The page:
As Garden Grove school officials stare down a major structural budget deficit, the Orange County Board of Supervisors Tuesday rejected their request to issue $120 million in bonds for infrastructure repairs.
The district is “not in a good financial position. So how do we feel comfortable with this deal?” asked Supervisor John Moorlach.
“Right now you don’t have a comfortable Board of Supervisors,” said Supervisor Janet Nguyen, whose district includes Garden Grove.
The reason why Garden Grove needs approval from the supervisors before issuing the bonds is because it is facing a significant budget deficit and is at risk of not meeting "its financial obligations for current fiscal year or two subsequent fiscal years."
The district’s most recent budget had a massive $76 million deficit, out of a $430 million in total expenses.
The proposed budget for this fiscal year again shows a deficit – this time of $60 million.
To pay its bills this year, the district has been planning to drain its fund balance from $87 million to $27 million, according to the budget.
It was for these reasons that no supervisors would even agree to make a motion.
Lynn Paquin of bond underwriter George K. Baum & Company sought to reassure supervisors that the district was in good enough financial shape.
“In my experience, I do not think that this is a district that is in financial trouble, or will have trouble paying back this bond debt service,” said Paquin.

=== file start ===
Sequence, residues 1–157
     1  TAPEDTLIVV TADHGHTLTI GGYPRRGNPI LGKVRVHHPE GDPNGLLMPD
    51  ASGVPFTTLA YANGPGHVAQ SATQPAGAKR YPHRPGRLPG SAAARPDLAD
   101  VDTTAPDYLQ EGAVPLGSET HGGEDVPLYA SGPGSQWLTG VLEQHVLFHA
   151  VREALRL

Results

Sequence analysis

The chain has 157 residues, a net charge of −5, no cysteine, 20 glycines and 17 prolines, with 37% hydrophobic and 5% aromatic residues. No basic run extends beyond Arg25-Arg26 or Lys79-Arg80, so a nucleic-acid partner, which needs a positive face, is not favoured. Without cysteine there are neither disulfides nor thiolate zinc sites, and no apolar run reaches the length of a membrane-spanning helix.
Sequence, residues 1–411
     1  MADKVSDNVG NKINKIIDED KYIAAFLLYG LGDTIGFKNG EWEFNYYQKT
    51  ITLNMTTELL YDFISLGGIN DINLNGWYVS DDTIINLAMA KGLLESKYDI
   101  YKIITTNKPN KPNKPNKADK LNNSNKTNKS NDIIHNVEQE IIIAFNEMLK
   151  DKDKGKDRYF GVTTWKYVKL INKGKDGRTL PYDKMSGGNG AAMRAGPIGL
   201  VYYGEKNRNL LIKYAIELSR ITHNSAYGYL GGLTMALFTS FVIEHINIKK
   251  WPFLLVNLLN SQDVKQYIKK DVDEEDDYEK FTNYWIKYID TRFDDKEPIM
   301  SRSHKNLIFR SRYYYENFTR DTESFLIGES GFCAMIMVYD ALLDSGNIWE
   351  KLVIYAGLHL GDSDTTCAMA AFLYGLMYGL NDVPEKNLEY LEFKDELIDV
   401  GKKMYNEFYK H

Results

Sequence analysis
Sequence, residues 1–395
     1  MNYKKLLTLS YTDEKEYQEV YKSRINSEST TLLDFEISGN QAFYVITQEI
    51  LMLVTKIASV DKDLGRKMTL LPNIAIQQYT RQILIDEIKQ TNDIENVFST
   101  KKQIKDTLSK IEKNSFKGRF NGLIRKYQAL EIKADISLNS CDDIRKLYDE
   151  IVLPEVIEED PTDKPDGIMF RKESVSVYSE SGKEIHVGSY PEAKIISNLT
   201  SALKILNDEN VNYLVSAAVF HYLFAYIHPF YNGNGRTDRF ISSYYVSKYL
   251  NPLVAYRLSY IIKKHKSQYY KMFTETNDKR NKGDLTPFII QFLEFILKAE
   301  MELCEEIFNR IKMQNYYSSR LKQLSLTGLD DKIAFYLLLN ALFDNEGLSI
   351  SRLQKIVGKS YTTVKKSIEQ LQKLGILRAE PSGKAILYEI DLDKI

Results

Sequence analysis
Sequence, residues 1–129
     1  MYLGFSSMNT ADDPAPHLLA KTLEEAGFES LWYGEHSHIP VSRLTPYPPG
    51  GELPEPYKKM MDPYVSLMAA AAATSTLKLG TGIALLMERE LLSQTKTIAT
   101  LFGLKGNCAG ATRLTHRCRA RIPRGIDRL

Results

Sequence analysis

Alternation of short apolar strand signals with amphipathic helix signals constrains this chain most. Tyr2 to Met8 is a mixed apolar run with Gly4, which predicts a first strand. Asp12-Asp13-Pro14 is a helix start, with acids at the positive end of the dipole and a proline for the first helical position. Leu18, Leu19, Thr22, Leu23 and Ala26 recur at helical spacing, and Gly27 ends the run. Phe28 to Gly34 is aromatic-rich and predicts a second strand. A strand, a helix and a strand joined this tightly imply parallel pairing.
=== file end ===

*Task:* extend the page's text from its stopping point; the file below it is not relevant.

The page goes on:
A district representative agreed.
“When we take our budget to the [school] board in a week we’re going to be positively certified,” said Nancy Medford, the district’s executive director for business services.
If that’s the case, supervisors might not be needed to issue the bonds after all, since that requirement comes from the district’s precarious financial situation.
The bonds stem from Measure A, known as the Garden Grove USD Safety and Repair Measure, which was approved by 64 percent of voters in June 2010.
The measure allowed up to $250 million to bonds for “infrastructure modernization projects for aging schools in the Garden Grove Unified School District,” district spokesman Alan Trudell explained ahead of the vote. The first $130 million of those bonds were issued in 2010.
At the time the district had told residents it would cost them between $35 and $100 per year for about 30 years.
The current round of $120 million in bonds comes with hefty interest payments. Taxpayers will ultimately pay $244 million – more than twice the bond amount – to pay it off. It’s set to be paid through property taxes.
Garden Grove Unified serves around 50,000 K-12 students and 16,000 adult education students in Garden Grove and parts of Santa Ana, Westminster, Fountain Valley, Cypress, Stanton, and Anaheim. It has more than 5,000 employees.
You can reach Nick Gerda at email@example.com, and follow him on Twitter: @nicholasgerda.